The Rare Earths Monthly Metals Index (MMI) lost one point this month, dropping to 20 for our May reading.
Within this basket of metals, yttrium dropped slightly, while terbium oxide fell 7.8%. Neodymium oxide dropped 7.9%.
Europium oxide fell 0.9%. Dysprosium oxide fell 4.2%.
A New Source?
As those who follow the rare earths metals market know, China has long boasted dominance in the sphere.
However, a recent discovery in Japan could lessen China’s dominance in the market down the road.
According to a CNBC report, a study last month said a “semi-infinite” supply of rare earths has been discovered under Japanese waters.
According to the study, the seabed area where the rare earths were discovered “contains more than 16 million tons of rare-earth oxides.”
Rare earths are coveted for their application in high-tech products, like cellphones and computers. As such, the materials are vital for Japan, which is a major player in the tech industry.
As Reuters reported in 2014, Japan sought to lessen its dependence on Chinese rare earths, looking to secure 60% of the materials from outside China.
What Does the Discovery Really Mean?
The aforementioned discovery made a big splash last month in global headlines, but how immediate could returns from the discovery be?
According to a rare earths primer published by the Nikkei Asian Review, those returns won’t exactly come any time soon.
“One major problem, though, is the depth,” the Nikkei Asian Review reported. “The metals are buried beneath waters as deep as 5,600 meters — too deep to extract with existing technology. The next step for researchers and companies will be to figure out how to reach them.”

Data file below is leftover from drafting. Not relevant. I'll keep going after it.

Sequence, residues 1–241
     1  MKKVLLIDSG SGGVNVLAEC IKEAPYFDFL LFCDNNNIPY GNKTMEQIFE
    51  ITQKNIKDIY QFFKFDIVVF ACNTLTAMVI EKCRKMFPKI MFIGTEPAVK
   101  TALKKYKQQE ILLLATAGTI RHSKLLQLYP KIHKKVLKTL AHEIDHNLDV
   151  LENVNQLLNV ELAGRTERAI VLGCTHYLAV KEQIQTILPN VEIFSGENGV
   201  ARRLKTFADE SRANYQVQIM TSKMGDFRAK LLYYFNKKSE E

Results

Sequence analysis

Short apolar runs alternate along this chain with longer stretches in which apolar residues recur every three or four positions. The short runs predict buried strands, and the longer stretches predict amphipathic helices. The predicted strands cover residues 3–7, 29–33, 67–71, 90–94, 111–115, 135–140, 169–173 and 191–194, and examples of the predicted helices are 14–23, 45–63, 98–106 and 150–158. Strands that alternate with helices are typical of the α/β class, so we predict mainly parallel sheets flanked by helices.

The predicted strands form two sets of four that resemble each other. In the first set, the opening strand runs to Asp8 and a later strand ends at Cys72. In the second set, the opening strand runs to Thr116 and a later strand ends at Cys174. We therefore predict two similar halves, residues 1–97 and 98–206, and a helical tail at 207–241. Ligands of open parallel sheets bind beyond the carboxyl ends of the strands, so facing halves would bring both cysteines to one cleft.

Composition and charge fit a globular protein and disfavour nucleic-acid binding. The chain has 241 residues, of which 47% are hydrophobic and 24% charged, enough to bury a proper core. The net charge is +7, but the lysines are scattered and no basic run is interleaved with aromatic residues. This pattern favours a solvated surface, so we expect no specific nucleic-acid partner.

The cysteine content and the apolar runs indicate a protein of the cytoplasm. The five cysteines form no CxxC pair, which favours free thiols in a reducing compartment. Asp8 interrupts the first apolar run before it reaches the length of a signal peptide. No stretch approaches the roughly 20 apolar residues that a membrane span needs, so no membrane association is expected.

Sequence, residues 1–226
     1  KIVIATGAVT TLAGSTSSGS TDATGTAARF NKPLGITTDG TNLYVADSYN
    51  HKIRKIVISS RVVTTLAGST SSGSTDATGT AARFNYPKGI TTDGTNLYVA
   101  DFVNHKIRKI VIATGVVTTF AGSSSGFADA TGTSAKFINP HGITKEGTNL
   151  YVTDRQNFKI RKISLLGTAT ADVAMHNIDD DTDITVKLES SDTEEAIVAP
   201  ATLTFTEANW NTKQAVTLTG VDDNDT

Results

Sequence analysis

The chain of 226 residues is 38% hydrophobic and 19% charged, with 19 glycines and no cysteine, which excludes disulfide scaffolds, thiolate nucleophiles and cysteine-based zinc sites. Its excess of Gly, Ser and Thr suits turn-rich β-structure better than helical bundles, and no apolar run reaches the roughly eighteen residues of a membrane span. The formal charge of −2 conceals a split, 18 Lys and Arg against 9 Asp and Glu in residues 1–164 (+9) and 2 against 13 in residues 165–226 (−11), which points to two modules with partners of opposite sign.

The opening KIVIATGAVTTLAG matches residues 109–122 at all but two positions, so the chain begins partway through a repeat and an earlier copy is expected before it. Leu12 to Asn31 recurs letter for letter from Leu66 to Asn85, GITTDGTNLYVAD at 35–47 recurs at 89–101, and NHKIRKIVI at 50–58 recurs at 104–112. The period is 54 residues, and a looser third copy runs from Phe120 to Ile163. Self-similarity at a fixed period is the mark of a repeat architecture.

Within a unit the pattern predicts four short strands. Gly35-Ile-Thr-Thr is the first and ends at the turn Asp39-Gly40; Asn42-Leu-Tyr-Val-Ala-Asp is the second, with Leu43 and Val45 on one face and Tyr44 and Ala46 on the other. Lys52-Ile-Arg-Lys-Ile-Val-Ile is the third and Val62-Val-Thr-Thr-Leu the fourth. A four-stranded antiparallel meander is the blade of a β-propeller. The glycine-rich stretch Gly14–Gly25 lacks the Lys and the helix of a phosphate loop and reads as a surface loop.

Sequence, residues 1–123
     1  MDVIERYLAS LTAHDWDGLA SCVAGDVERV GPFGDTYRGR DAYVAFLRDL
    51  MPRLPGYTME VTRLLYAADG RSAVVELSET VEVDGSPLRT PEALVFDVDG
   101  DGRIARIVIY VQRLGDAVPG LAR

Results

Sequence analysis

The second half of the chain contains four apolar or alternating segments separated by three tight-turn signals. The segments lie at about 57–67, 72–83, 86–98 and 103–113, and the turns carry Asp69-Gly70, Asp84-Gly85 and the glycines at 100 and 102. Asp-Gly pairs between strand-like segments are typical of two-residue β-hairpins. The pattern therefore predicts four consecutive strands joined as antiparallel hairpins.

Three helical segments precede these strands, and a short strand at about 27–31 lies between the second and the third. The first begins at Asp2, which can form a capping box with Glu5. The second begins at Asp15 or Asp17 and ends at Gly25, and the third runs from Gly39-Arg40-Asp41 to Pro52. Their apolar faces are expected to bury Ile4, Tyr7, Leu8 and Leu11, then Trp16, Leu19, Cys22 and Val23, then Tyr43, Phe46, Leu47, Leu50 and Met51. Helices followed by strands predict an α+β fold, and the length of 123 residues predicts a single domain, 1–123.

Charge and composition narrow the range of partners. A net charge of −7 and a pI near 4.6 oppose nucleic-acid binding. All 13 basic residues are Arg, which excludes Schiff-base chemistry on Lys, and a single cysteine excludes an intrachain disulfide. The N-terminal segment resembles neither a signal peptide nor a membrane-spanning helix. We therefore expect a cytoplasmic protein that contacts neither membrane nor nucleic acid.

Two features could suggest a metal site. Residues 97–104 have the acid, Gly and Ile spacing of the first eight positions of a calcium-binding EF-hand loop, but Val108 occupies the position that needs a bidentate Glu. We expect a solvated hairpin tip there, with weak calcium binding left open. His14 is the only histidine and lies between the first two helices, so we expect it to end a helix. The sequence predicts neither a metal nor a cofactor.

The news source goes on to note that given the cost-prohibitive nature of rare earths, many companies are looking for alternative materials for their high-tech products. As such, the basket of metals could become gradually less coveted over time.
For now, however, any discovery of a potential new supply source in the rare earths sphere is inevitably going to be a cause for celebration, even if extraction is not currently possible.
Tesla and Cobalt
It has been a turbulent couple of months for electric carmaker Tesla, which has taken a beating in headlines lately, particularly on the heels of what many deemed a dismissive performance from Elon Musk vis-a-vis analysts’ questions during last week’s quarterly earnings call.
However, in supply news, Musk offered insight into the company’s stance on cobalt, used in electric vehicle batteries.
As mining.com reported, Musk last week said Tesla’s nickel-cobalt-aluminum batteries contain less cobalt than other electric car batteries on the market, noting their battery “is already lower than next-generation cathodes that will be made by other cell producers with a nickel-manganese-cobalt ratio of 8:1:1.”
Cobalt is coveted by the electric vehicle industry for its application in batteries, but it is notorious for significant price swings. A majority of the world’s cobalt is mined in the Democratic Republic of the Congo, where political instability often impacts the metal’s price.